Students and teachers in schools across New York City are participating in the Black Lives Matter At School Week of Action starting today. Citywide events include a virtual rally, Black superhero movie night, wellness workshop for Black educators, and a student summit on Saturday. Individual schools also have a range of activities planned, from a workshop about Black hair to discussions on what it means to be “Black in Kamala Harris’s America.”

The national ‘week of action’ — now in its fifth year — coincides with the start of Black History Month. But organizers said the goal is to go beyond the typical celebration of Civil Rights heroes, and to focus on concrete steps to make schools and society explicitly anti-racist. “It isn’t just about Black historical figures,” said parent Kaliris Salas-Ramirez, a BLM At School steering committee member. “It is about a way to engage in the world.”

The organizers said the seismic events of the last year — from the disparate effects of the pandemic on communities of color, to the uprisings after the killing of George Floyd in May, to the ongoing inequities in remote learning — add a layer of urgency to this week’s activities. But they said they are trying to balance those challenges with an emphasis on Black joy.

“BLM Week of Action is a time where youth celebrate and educate others on not just what it means to be Black, but what it means to be confident in our history,” said Keeba Polius, a senior at Harvest Collegiate High School near Union Square.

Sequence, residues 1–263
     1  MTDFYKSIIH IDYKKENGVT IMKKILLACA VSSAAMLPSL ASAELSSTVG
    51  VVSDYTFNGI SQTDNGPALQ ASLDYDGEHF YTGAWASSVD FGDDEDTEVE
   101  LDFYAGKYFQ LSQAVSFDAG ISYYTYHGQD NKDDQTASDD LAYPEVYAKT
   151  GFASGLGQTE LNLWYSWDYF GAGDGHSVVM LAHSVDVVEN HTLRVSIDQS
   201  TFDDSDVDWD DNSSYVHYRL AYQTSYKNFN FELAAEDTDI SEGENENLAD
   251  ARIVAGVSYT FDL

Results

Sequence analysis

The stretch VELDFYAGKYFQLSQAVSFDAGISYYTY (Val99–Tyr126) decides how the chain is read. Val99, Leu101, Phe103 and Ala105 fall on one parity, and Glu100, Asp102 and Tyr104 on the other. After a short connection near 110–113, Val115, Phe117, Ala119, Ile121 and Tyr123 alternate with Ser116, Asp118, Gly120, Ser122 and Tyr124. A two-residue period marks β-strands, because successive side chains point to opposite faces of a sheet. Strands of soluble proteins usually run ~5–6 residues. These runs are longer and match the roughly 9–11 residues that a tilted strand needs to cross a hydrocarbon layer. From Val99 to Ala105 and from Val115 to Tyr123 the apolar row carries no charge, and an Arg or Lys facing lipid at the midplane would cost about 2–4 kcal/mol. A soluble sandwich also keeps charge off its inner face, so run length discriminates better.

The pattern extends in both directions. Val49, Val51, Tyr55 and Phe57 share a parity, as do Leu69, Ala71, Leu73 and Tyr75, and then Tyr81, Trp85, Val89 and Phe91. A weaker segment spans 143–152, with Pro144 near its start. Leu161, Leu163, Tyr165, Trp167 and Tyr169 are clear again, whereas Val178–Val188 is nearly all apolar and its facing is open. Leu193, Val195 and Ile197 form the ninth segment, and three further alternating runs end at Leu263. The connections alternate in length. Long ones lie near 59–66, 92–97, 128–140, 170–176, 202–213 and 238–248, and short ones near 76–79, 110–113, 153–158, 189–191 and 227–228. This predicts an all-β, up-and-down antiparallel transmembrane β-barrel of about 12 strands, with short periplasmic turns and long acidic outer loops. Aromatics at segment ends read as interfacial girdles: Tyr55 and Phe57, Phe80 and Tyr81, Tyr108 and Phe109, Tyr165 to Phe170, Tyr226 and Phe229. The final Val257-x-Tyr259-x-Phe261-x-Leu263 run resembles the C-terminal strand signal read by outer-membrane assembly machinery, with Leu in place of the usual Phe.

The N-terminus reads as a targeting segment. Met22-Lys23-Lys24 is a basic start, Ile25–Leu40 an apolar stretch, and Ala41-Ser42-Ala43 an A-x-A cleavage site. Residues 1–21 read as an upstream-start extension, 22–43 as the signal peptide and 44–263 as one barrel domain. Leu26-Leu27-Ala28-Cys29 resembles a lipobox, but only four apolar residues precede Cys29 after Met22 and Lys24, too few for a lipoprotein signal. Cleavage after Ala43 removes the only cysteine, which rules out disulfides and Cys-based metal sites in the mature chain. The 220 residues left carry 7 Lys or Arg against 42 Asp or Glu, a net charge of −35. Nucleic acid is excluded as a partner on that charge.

The week elevates a list of 13 principles that include supporting Black families and Black women and affirming queer and trans communities. There are also four demands: to reduce suspensions and expulsions in schools in favor of conflict resolution and restorative justice, hire more Black teachers, mandate Black history or ethnic studies in kindergarten through 12th grade, and hire more counselors instead of school security guards and police.

Students, parents and teachers said the demands of the national BLM At School organization resonate strongly in New York City, where schools are deeply segregated, racial disparities in suspensions persist, teachers are disproportionately white, and white authors continue to dominate curricula.

Tajh Sutton, another BLM At School steering committee member, said the pandemic has been a wakeup call.

“What COVID-19 really did was expose the inequities that some of us have been talking about the whole time,” Sutton said. “The entire pandemic we’ve heard ‘can’t wait to get back to normal,’ but normal for so many of our families and communities was outrageously inequitable."

Meanwhile, some teachers said they’re working to reframe and refresh lessons for Black History Month in this unique year. They encourage fellow educators to be careful not to approach the subject from “a deficit mindset” and suggest emphasizing triumphs despite trauma and the systemic nature of racism.

Aixa Rodriguez, a middle school ESL teacher and steering committee member, said remote learning creates new challenges, and opportunities to mark the moment. She said she’s encouraging students to replace their profile pictures online with those of “unsung heroes” they can then present to the class. One student chose a Black man, Gabriel Prosser, an enslaved blacksmith who planned a revolt near Richmond in 1800.

Maurice Blackmon, a teacher at Essex Street Academy in Manhattan, said he’s rebranded February as “Black History and Futures Month.” This year, students are researching ancient African civilizations to demonstrate that Black history preceded the history of Black people in the United States. “We know that much of American culture has been forged out of Black culture,” he said.

Organizers said they hope the lessons extend far beyond February. The national BLM At School organization dubbed it a “year of purpose” following the uprisings that began last spring. “We can’t just say Black Lives Matter for a week in February, because Black Lives have to matter at school all day, every day,” said Manhattan Country School kindergarten teacher and steering committee member Laleña Garcia.